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Occurrence of hypoxia in the wards of a rural hospital.

INTRODUCTION: Hypoxia usually indicates the presence of a critical condition in a patient and usually oxygen therapy is required. Oxygen therapy in given in conditions of respiratory failure. These conditions are pneumonia, acute severe asthma, chronic bronchitis, myocardial infarction. Hypoxia which may be unnoticed in admitted patient has been reported in various studies (1-3). A study done in Jaipur showed hypoxia was present in a significant member of patients. In Papua New Guinea, 10-40% children were shown to have [O.sub.2] saturation < 90% (4). Following intravenous sedation given for maxillofacial surgery, 20% of patient in post anesthetic recovery had hypoxia.

Oximetry remains underutilized modality to diagnose hypoxia. This study was planned to assess the magnitude of hypoxia which is unnoticed in patients admitted in the wards of our tertiary care hospital by using pulse oximeter.

MATERIALS AND METHODS: Patients admitted in the hospital in Medical wards and ICU of SGT Medical college and hospital, a tertiary care rural hospital, were studied. Informed consent was obtained and details of the patients including name, age, sex and smoking history were noted from the case files. Oxygen saturation and pulse rate were recorded.

Oxygen situation (Sp[O.sub.2]) of the patients was measured for 1 minute. The pulse oximeters are pre- calibrated against direct measurements of arterial blood oxygen saturation (Sp[O.sub.2]) in volunteers. The calibration algorithm is stored in a digital microprocessor within the pulse oximeter. The calibration curve is used to generate the oximeter estimate of Sp[O.sub.2] during subsequent use.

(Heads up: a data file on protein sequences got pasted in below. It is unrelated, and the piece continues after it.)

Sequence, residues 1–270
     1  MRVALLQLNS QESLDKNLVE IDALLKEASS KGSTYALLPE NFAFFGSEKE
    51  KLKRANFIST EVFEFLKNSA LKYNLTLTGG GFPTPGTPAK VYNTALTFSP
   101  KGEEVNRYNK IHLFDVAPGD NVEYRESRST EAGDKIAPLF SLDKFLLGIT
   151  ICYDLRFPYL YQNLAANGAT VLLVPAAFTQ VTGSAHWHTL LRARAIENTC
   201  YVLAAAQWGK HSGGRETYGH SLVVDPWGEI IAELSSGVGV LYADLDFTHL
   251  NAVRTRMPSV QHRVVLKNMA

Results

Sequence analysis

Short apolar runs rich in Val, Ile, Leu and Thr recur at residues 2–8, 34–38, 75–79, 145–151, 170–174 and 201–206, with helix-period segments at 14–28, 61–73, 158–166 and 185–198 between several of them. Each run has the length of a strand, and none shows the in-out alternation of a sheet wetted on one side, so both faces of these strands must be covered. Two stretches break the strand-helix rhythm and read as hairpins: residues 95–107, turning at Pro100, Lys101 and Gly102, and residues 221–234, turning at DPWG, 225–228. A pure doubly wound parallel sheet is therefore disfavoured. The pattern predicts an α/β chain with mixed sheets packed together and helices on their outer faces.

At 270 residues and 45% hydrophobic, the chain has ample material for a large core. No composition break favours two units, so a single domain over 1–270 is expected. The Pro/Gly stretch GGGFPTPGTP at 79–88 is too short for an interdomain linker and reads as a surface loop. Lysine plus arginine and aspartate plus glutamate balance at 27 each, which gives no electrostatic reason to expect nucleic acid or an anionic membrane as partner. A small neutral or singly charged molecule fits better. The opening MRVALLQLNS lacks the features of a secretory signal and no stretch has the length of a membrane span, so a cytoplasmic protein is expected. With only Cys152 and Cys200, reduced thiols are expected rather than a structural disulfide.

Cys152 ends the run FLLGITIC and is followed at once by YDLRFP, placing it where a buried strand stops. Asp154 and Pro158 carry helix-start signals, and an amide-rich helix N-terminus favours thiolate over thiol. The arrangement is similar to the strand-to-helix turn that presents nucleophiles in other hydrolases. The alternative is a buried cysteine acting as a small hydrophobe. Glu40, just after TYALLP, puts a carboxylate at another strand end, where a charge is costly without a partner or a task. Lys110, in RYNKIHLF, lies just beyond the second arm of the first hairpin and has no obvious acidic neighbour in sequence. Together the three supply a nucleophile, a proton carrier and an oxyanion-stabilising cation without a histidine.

A cut off level of 90% was taken as a warning sign of impending hypoxia and respiratory failure. The hypoxia, if detected was reported to the doctor on duty so that oxygen could be started to such patients.

III. RESULTS:--A total of 800 patients were studied. Out of them 550 were males and 250 were females. Of all these patients, 88(11%) were found to be having Sp[O.sub.2] <90%. Among these 88 patients, 50 (57.0%) were males and 38(43%) were females.

Among the patients found to have normal saturation (712 pts), 412 (57.87%) were males and 300 (42.13%) were females. Smoking history was positive in 62(70.46%) patients and 26(29.54%) were non--smokers.

Hypoxia was noted in 20 patients who already had diagnosis of respiratory failure and were in the ICU. Out of these, 12(60%) were diagnosed to have respiratory failure but were still not oxygen therapy and 8(40%) were found to be hypoxic despite being on oxygen therapy . Therefore, in 68 (8.50%) patients previously unnoticed hypoxia was seen.

Also tachycardia was found more consistently in patients of hypoxia (45%) as compared to patients with normal oxygen saturation (28%).

Patients with hypoxia were maximum in the wards of General Medicine. Patients with hypoxia were also found in the ICU. The most common diagnosis among the patients with hypoxia was COAD. Other causes were stroke, end stage renal disease.

IV. DISCUSSION: Early recognition of hypoxia leads to the successful treatment and can prevent unwanted mortality. The clinical feature of hypoxia are non-specific and lead to a delay in diagnosis. Symptoms of hypoxia are usually--altered mental state, cyanosis, dyspnoea, tachypnoea, hypoventilation, arrhythmias, peripheral vasodilatation , systemic hypertension, nausea , vomiting, GI disturbances and coma--all of which are not confirmatory (7).

Pulse oximeter does not show correct reading in conditions like--low cardiac output, anemia, C[O.sub.2] retention (7). Nevertheless, pulse oximeter should be used in the wards to unmask the patients of unnoticed respiratory failure. In our study, 11 % of the total patients admitted in the hospital had hypoxia. In the previous studies (4,5,8) done in various other hospitals, 7.8% to 40% of patients had hypoxia. In our study the most common diagnosis was COPD in patients in the medical wards. In another study (9), nocturnal hypoxia was found to be common in patients admitted in the medical wards and nocturnal oxygen therapy was needed for them.